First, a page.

You’d think many mentorship programmes in Ghana would be using software applications to run their mentoring programmes, especially now that many businesses are virtual, as participants can be matched and communicate via a platform.
Unfortunately, the mentorship industry in Ghana has not evolved with technology yet, except a few programmes sponsored by multinational companies and which are exclusively for their employees. There have been some attempts at forming learning and development (L&D) online projects by non-governmental and development agencies, but they realised that while there are many benefits to online mentoring, there are many challenges that come with virtual programmes as well.
One common issue was communication – due to the constraint of less than 50% of Ghanaians (a population of 31 million) not having access to reliable Internet. Ghana’s government and telecommunication companies are on a mission to improve access to the Internet. Patchy coverage and high costs are holding back digital participation (#Speakup Barometer – Ghana).
Mentoring in Ghana is done predominantly in the old-fashioned way; it is a very vague platform, unstructured and unorganised. Most mentoring companies have not digitalised their processes. On the other side of the spectrum is KonneKt Xperience, more development-driven, tech-savvy, looking not just at the mentee’s current job function but beyond, and taking a more holistic approach to career development.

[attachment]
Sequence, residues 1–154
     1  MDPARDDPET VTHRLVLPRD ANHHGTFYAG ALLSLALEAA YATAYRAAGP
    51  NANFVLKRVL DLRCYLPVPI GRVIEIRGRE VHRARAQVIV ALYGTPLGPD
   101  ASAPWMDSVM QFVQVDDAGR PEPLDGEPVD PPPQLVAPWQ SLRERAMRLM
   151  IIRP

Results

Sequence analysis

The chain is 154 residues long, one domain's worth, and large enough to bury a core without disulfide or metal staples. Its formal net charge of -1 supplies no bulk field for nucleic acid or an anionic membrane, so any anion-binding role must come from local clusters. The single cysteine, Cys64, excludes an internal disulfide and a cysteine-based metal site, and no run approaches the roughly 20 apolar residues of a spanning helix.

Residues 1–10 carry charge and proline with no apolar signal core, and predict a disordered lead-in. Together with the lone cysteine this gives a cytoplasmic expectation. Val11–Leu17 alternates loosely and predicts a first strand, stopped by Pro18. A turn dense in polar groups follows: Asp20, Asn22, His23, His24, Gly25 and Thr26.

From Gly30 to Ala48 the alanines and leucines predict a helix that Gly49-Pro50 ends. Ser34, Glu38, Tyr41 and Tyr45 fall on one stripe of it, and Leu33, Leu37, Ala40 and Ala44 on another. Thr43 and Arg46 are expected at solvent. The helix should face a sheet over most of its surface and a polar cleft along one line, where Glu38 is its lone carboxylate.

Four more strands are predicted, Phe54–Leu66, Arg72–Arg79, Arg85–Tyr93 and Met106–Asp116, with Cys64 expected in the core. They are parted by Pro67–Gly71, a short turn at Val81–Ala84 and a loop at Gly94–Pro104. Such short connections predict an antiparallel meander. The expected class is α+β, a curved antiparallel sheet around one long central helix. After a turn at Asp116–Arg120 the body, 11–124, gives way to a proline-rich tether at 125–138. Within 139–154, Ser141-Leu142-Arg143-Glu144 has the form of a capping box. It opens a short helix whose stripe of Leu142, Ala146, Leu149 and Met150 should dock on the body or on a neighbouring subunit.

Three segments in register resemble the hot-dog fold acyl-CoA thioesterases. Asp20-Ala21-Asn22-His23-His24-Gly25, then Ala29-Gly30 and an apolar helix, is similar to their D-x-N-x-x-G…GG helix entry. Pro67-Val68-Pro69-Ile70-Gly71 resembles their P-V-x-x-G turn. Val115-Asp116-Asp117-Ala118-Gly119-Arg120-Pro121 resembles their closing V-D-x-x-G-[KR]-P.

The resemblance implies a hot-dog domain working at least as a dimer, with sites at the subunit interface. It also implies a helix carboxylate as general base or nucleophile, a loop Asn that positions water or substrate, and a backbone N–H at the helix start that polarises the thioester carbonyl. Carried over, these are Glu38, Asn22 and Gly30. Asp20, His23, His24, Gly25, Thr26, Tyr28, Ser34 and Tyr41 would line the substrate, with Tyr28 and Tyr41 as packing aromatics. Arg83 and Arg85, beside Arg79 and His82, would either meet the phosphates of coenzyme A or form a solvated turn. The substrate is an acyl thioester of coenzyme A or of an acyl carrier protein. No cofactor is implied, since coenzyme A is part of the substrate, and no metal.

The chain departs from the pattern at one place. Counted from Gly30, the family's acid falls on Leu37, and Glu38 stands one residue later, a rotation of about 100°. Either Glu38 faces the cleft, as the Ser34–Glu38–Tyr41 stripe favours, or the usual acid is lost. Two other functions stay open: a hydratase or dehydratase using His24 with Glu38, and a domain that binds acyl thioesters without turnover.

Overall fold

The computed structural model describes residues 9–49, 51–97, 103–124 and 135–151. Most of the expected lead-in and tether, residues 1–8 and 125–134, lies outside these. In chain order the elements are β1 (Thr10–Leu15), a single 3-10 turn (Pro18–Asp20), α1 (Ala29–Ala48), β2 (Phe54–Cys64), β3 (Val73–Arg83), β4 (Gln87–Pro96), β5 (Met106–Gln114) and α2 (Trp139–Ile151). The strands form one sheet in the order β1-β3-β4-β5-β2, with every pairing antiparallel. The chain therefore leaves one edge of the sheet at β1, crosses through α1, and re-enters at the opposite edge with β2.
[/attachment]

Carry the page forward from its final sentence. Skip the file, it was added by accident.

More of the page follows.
Innovation with Technology
The KonneKt Xperience programme became a formal mentoring relationship characterised by its intentionality, with a business model of potential mentees applying by subscription as an individual or as a group. The mentoring relationship is then created by matching the mentee with a mentor by a matching algorithm. The matching is based on areas of interest, career preferences and personality traits.